Kyle North

Staff Writer



Mystic Pizza Review

Mystic Pizza is one of those films. A star-making, crowd-pleaser that it’s hard not to enjoy. Julia Roberts unleashes her career-defining smile at its earliest best, with superb supporting performances and a tiny role for an unknown Matt Damon that’ll leave you in stitches. And the best part is, the three wonderful leads are as young and hopeful as their characters. The film is infused with the naiveté and free-feeling emotion of youth, that only a cast of stars before the spotlight can provide.

Daisy (Roberts) works at Mystic Pizza, with her sister, Kat (Annabeth Gish) and their friend Jojo (Lili Taylor). In their small Connecticut town, the summer before Kat leaves them all behind and heads off to Yale has arrived. Taylor is superb as that feisty brand of woman that the eighties excelled at capturing, and kicks up a frenzy of activity when she leaves Bill (Vincent D’Onofrio) at the altar. Meanwhile, Kat feels her pragmatic armor crack when she starts falling for an all-American architect. The only problem is that she’s babysitting his kid while the mother’s out of town. And that leaves Daisy, the most brazen blue-collar firecracker of the bunch. As irony would have it in the sleepy town of Mystic, she falls for the richest kid around. Wouldn’t you know it?

May
02
2011
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Jolene Review

Jolene will sneak up on you. What starts as a strange film, with hammy performances that seem to verge on parody, becomes a provocative and devastating viewing experience. With a career making turn for Jessica Chastain and a stunning supporting cast, the film is a modern epic, chronicling ten years in the early adult life of an orphan. To say the film delivers is an understatement and to say it’s anything less than a staggering achievement would be a bald-faced lie.

Based on the story by E.L. Doctorow, Dan Ireland’s picture follows Jolene (Chastain) through incredibly distinct chapters in her maturation. When the end credits roll, one feels they’ve seen a series of mini-movies, wholly separate from one another, instead of one continuous story. While this structure could ruin most projects, Jolene rises to the occasion with the strength of its central character and the clear precision of the storytelling.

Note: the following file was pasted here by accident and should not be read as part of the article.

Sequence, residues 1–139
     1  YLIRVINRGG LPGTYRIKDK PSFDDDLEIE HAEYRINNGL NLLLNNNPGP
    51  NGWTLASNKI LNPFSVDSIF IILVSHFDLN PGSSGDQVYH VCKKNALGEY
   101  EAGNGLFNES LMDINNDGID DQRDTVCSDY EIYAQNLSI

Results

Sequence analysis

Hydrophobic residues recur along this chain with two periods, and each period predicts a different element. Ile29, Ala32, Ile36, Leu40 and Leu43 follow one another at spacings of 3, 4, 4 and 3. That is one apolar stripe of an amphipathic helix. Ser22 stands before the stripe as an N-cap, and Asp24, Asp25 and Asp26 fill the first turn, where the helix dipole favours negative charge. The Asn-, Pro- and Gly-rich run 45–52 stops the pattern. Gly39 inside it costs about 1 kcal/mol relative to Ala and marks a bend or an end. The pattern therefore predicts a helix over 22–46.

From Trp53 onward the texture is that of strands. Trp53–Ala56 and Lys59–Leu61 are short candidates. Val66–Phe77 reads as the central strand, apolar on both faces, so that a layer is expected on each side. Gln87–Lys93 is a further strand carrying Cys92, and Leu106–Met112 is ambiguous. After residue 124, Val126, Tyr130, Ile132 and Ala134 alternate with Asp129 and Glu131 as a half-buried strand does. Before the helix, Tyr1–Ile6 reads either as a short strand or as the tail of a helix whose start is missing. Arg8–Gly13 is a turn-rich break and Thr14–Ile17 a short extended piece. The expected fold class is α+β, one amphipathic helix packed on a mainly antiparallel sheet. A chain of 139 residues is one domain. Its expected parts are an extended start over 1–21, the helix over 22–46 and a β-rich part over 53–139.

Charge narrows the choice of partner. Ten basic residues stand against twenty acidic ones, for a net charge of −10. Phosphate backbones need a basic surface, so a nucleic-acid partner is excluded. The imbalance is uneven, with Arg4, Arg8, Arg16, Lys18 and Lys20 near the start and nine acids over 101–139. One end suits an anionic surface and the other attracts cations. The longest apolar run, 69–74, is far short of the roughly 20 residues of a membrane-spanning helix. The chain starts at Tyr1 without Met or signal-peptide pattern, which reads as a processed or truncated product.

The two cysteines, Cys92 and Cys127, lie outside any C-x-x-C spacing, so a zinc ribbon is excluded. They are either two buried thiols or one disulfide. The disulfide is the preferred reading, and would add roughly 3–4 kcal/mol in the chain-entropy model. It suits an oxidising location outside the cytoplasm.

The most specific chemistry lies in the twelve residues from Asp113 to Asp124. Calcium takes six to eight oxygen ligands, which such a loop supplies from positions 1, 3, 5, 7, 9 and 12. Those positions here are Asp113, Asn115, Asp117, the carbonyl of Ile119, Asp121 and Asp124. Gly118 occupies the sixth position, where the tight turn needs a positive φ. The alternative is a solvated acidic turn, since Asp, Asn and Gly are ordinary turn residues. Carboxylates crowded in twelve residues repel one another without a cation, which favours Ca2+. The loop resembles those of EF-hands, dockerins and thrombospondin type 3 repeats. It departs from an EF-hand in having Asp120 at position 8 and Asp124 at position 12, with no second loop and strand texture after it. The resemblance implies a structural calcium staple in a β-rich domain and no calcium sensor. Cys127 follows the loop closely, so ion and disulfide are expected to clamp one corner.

May
01
2011
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Casino Jack Review

Casino Jack isn’t a perfect film, or even the best of its kind. That said, it’s a definite should-see. The film follows a long tradition of scathing dramas and black comedies that have pulled apart America’s flawed institutions, from TV in sadly deceased Sidney Lumet’s masterpiece, Network, to Oliver Stone’s Wall Street, that ironically became the film to launch a thousand stock brokers. These issue-driven films don’t always have the filmmaker’s desired effect, but damn do they tell a good story. In Casino Jack’s case, the story is too implausible to believe…except that it’s real.

With a couple Dolph Lundgren films under his belt, producer Jack Abramoff left Hollywood and became Washington, D.C.’s super lobbyist. Kevin Spacey smoothly jumps into Jack’s shoes near the peak of his rise during the Bush years; opening restaurants, landing the big clients, and living life in the fast lane that only someone who never flies except on a private plane for four can understand.

Apr
29
2011
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Year of the Carnivore Review

Maybe I’m the only one who didn’t understand the big deal about Juno, but I really am starting to wonder when and how staggeringly awkward and desperately uninteresting hipsters became Hollywood’s go-to protagonists. Regardless, the charm, if there ever was any, has definitely worn off. Year of the Carnivore follows in the wake of 2007’s script by Diablo Cody, which won one of the Academy’s silliest Oscar giveaways. Written and directed by Canadian indie talent Sook-Yin Lee, Year of the Carnivore doesn’t deserve to be called bad, it just hovers at a level too neutral to really elicit any response one way or the other.

Apr
17
2011
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The Resident Review